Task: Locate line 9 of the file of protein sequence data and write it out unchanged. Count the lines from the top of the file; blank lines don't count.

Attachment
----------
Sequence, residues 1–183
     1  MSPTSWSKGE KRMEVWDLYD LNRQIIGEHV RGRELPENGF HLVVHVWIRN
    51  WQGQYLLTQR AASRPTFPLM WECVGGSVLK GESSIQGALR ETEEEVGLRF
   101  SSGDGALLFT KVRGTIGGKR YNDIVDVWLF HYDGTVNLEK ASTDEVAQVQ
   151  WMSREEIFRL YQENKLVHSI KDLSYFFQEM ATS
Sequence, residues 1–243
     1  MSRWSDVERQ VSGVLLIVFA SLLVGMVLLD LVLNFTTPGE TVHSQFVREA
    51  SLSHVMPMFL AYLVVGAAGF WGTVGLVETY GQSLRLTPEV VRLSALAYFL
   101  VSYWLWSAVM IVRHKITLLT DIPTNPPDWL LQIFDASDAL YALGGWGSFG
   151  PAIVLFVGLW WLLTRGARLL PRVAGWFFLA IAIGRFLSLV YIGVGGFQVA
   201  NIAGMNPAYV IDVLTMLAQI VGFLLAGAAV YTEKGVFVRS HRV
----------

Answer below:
   101  VSYWLWSAVM IVRHKITLLT DIPTNPPDWL LQIFDASDAL YALGGWGSFG